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Bell v. Freeman Decorating Services, Inc.

United States District Court, M.D. Florida, Orlando Division

September 13, 2017

ANTHONY D. BELL, Plaintiff,
v.
FREEMAN DECORATING SERVICES, INC., Defendant.

          ORDER

          GREGORY A. PRESNELL, UNITED STATES DISTRICT JUDGE

         This matter is before the Court on the Defendant's Partial Motion to Dismiss Count III of Plaintiff's Complaint and Incorporated Memorandum of Law (Doc. 7) and the Plaintiff's Memorandum in Opposition to Defendant's Partial Motion to Dismiss (Doc. 10).

         I. Background

         According to the Complaint (Doc. 1), which for purposes of this Order is taken as true, the Plaintiff is a former employee of the Defendant and has been a member of Teamsters Union local # 385 (“Union”) since 2000. This Union has a Collective Bargaining Agreement with the Defendant. The Plaintiff alleges that the Defendant tortiously interfered with a contractual relationship between the Plaintiff and the Union. Compl. ¶ 42. The Plaintiff claims that the Defendant knew that the Plaintiff was a member of the Union and was aware of the Plaintiff's “contractual relationship” with the Union. Id. ¶ 43. Because the Plaintiff believed he was the victim of racial discrimination by the Defendant, he pursued grievances against the Defendant through the Union. Apparently, the Union “initially declined to take action, ” until the Plaintiff pursued a claim with the National Labor Relations Board, after which the Union “pressed the grievance on behalf of” the Plaintiff. Compl. ¶ 9. The Defendant allegedly persuaded the Union to avoid providing the Plaintiff with adequate representation in pursuing various grievances against the Defendant. Id. ¶ 44. The Plaintiff claims that this cost him “significant time and expense, ” as he “was required to press an unfair labor practice against [the Union] over its failure to provide representation.” Id.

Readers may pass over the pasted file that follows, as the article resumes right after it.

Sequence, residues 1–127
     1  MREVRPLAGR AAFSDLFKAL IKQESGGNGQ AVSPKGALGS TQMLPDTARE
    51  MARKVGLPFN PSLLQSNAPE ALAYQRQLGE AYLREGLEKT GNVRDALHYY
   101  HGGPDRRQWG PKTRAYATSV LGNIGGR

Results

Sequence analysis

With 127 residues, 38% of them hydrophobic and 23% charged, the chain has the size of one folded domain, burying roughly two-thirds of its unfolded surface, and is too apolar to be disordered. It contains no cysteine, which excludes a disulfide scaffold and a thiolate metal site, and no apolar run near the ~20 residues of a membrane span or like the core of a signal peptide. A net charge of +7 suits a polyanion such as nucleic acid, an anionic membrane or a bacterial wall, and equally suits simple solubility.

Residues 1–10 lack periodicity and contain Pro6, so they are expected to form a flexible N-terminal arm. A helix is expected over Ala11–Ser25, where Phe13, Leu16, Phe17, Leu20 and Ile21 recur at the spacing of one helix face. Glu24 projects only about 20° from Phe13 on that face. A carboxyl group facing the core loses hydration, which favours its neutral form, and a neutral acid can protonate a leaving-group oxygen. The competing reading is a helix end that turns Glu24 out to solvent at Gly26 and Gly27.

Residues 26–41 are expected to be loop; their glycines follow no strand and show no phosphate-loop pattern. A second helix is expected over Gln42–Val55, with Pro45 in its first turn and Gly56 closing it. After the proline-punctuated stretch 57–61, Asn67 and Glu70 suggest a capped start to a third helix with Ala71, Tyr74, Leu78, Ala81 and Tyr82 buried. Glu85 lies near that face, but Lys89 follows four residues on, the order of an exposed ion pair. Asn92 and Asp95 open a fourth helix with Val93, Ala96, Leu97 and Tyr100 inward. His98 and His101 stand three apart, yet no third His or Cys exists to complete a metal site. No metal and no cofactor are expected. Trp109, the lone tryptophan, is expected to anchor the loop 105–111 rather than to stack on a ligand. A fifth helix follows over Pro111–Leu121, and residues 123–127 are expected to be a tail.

On May 26, 2017, the Plaintiff filed a five-count Complaint; Count III of the Complaint alleges Tortious Interference with Contract. On July 18, 2017, the Defendant filed the instant Motion, arguing that Count III should be dismissed because it is dependent on interpretation of the Collective Bargaining Agreement and is thus preempted by Section 301 of the Labor Management Relations Act, or, alternatively, because the Plaintiff is not a party to the Collective Bargaining Agreement and is therefore unable to plead “a fundamental element of tortious interference.” Mot. at 2.

         II. Legal Standard

         A Federal Rule of Civil Procedure 12(b)(6) motion to dismiss for failure to state a claim tests the sufficiency of the complaint-it does not reach the merits of the case. Milburn v. United States, 734 F.2d 762, 765 (11th Cir. 1984). In ruling on a motion to dismiss, the Court accepts factual allegations as true and construes the complaint in the light most favorable to the plaintiff. SEC v. ESM Group, Inc., 835 F.2d 270, 272 (11th Cir. 1988). The Court limits its consideration to the pleadings and any exhibits attached thereto. Fed.R.Civ.P. 10(c); see also GSW, Inc. v. Long Cty., Ga., 999 F.2d 1508, 1510 (11th Cir. 1993).